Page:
Three Mondays a month, Olson Kundig starts the day with an all-office meeting and a new installment of the visiting speaker series.
To date, more than 250 guests have come to speak. Soon, the presentations will be filmed and shared with the world on a Vimeo channel devoted to the series.
"The intent is to inspire the staff to up their game by exposing them to people doing remarkable work in outside disciplines. Over the years, we have had presentations by local and internationally recognized artists, craftspeople, urban agriculture advocates, performers, oyster farmers, film directors, environmentalists, philanthropists, mathematicians, activists, fashion designers, bookmakers, scientists, and even an exotic dancer."
Every Thursday since the inception of the firm more than four decades ago, the entire staff turns off their computers, puts down their pencils, and convenes to discuss and dissect an ongoing project. The intent is to make every project in the office the best it can be.
"While there is beer and food involved, the prime motivator is a design discussion. Sometimes 50 people will be giving one-minute scratch presentations. The free flow of ideas consistently makes projects better, and opens up lively discussions about design and how we see the world. This forum is also a great way to connect with one another on a regular basis, and to celebrate individual and collective achievements."
"The fact that we’ve been doing it for 45 years is frankly amazing. Other firms attempt to have regular crits and it fizzles out. We’ve kept it going. I personally love to brainstorm in my own head, then bounce what I come up with against other people. People are free to say whatever they want. It’s invigorating—a highly generous flow of ideas."
"The continual influx of talent and energy from around the globe has been invaluable to our practice."
Partners Kirsten Murray and Alan Maskin were co-creators of the firm’s international Internship Program, which began almost two decades ago. It provides six-month positions to recent architecture graduates, giving them mentorship and experience on actual project teams. To date, Olson Kundig has hosted interns from more than 30 countries around the world, and every state in the United States. For each of the 12 positions offered annually, approximately 30 applications come in.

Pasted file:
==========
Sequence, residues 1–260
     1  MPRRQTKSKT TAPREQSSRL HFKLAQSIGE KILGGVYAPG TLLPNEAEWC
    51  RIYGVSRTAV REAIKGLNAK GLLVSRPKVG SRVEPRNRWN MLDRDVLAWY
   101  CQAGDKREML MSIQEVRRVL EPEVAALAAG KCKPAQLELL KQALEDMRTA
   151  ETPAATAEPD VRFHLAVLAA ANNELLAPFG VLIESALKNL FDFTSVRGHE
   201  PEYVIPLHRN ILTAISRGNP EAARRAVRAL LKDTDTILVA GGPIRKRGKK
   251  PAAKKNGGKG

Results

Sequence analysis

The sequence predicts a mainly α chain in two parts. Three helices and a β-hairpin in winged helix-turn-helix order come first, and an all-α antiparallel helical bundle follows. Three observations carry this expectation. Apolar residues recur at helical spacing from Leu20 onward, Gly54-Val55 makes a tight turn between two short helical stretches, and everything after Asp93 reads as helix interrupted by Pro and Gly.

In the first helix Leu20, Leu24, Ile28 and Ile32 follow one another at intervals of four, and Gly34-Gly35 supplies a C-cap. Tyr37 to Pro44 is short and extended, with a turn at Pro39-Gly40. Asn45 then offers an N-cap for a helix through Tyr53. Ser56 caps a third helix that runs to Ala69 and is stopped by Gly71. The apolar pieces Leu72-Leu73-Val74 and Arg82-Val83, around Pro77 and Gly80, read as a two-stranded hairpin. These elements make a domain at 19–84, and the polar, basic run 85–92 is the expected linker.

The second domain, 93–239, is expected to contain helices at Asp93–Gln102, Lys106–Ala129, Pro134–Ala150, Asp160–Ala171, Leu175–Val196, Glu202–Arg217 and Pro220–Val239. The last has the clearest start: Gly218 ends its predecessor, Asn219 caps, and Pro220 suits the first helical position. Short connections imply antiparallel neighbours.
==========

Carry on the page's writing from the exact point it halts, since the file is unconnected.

Mind Mine, an outgrowth of Olson Kundig’s in-house research and development practice, seeks to tap into the firm’s collective mental power to explore topics related to its spectrum of design work. Mind Mine is a communal dialogue that permeates conversations and projects from all corners of the office.
Each two-hour idea charrette is devoted to a specific topic involving research, design, presentation, and discussion. The staff challenges itself to rethink established solutions with the intent of expanding its knowledge of disciplines outside pure architecture, such as the hard sciences, engineering, technology, craft, and nature. By the end of the series, which is an experiment itself, the firm hopes to witness the physical development of several ideas that were explored together.
"Through Mind Mine, the staff discovers new ideas and technical pathways to make a progressive impact on our work, continually building its relevance to the design world. We see these conversations as a means of breaking down boundaries and encouraging creative thinking."
Filter archive by